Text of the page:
Is the Interest on Sallie Mae Educational Loans Tax Deductible?

If you have taken out a student loan to pay for college, the IRS may allow you to deduct the interest payments. There are rules, of course -- the IRS sets down conditions for "qualified" loans and limits on the amount you can deduct. But with student loans placing a heavy burden on many graduates, the deduction provides a bit of useful financial help.

Sallie Mae

Founded as the government-sponsored Student Loan Marketing Association in 1972, "Sallie Mae" was transformed into a private-sector corporation in the 1990s. The company offers a wide range of student loans and financial services tied to education. As a legally binding contract, a loan from the Sallie Mae organization meets the requirements of the IRS student-loan interest deduction. You may deduct up to $2,500 per year in interest you pay for a qualified loan, whether or not you (or the dependent student) has graduated.

AGI Limits

To claim the student loan interest deduction, you must file a tax return and show adjusted gross income of $55,000 or less (before adjusting for the interest paid), if you are filing as a single, individual taxpayer. If you are married filing a joint return, the AGI limit rises to $155,000. If you are filing a married, separate return, you can't deduct student loan interest. You do not need to itemize the deduction -- you can subtract it directly from your income on Line 33 of Form 1040 and take the standard deduction as well.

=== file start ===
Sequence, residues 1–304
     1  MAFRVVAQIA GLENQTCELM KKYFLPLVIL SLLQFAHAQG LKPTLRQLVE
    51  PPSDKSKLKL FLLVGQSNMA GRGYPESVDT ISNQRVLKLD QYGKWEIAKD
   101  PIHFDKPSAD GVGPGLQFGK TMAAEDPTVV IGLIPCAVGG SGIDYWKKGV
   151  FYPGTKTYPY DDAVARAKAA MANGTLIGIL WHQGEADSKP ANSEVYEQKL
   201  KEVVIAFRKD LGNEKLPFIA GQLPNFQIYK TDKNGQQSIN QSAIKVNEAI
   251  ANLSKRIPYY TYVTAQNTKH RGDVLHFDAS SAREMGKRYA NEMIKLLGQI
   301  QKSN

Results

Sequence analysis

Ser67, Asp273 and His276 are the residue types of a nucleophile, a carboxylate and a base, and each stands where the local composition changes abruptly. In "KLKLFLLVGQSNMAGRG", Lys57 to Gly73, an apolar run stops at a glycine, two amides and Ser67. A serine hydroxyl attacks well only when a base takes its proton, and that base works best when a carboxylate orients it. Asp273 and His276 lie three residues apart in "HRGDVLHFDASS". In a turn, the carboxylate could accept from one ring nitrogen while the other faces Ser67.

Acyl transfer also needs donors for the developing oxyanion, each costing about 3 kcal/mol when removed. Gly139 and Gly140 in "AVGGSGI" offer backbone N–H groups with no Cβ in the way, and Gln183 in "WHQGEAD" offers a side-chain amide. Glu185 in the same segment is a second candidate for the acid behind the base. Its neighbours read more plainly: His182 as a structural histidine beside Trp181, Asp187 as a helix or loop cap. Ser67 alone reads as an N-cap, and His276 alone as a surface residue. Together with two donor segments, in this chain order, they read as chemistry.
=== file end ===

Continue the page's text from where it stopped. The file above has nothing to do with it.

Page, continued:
Qualifying Loans

To deduct interest, your student loan must be "qualified," which in IRS lingo means it meets the guidelines and conditions written in the tax code. A qualified loan must be used solely for educational purposes, and it can't take the form of a personal loan from a parent or other relative. Also, you can't take the loan from an employer savings plan qualified for favorable tax treatment by the IRS.

Dependent Rules

You can deduct student-loan interest if you are repaying the loan for your own education, or for the education of a spouse or dependent. If you signed the loan for a dependent, you can deduct the interest even if the student is out of school and no longer qualifies as a dependent. The IRS allows some exceptions to the general rule for dependents; the student can be married, and can earn more than the $3,800 exemption amount. Also, you can be claimed as a dependent on someone else's return and still claim the deduction.

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About the Author

Founder/president of the innovative reference publisher The Archive LLC, Tom Streissguth has been a self-employed business owner, independent bookseller and freelance author in the school/library market. Holding a bachelor's degree from Yale, Streissguth has published more than 100 works of history, biography, current affairs and geography for young readers.

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